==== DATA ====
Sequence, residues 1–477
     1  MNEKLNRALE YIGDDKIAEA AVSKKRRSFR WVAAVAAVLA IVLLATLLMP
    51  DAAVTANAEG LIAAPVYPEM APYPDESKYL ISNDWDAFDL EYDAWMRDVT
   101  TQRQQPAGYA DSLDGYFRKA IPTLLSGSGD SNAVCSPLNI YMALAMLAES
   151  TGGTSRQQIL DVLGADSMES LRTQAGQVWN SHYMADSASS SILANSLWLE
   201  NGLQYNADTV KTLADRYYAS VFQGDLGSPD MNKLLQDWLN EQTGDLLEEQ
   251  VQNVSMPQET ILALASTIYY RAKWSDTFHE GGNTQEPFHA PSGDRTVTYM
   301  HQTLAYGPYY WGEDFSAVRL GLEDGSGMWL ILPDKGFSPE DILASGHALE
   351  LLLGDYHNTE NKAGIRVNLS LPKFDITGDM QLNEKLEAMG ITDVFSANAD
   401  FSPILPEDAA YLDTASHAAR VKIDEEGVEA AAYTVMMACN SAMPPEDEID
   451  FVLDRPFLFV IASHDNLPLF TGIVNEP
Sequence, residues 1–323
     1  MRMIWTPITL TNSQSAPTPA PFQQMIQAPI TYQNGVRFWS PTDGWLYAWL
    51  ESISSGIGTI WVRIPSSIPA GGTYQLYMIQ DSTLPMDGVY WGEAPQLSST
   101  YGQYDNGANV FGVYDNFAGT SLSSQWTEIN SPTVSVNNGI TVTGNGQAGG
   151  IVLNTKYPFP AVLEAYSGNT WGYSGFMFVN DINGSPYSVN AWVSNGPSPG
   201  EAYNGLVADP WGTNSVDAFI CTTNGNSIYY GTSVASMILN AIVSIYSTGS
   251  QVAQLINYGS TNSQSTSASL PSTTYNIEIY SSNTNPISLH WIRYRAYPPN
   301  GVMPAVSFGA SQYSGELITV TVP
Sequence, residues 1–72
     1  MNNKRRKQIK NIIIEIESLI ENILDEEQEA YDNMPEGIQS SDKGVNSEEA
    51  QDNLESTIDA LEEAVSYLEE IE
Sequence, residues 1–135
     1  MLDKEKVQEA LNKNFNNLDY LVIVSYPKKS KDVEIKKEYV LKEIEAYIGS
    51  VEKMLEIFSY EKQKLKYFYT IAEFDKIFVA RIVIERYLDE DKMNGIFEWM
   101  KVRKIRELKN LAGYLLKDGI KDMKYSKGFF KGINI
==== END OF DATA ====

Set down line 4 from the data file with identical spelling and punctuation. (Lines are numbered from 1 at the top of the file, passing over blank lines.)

   101  TQRQQPAGYA DSLDGYFRKA IPTLLSGSGD SNAVCSPLNI YMALAMLAES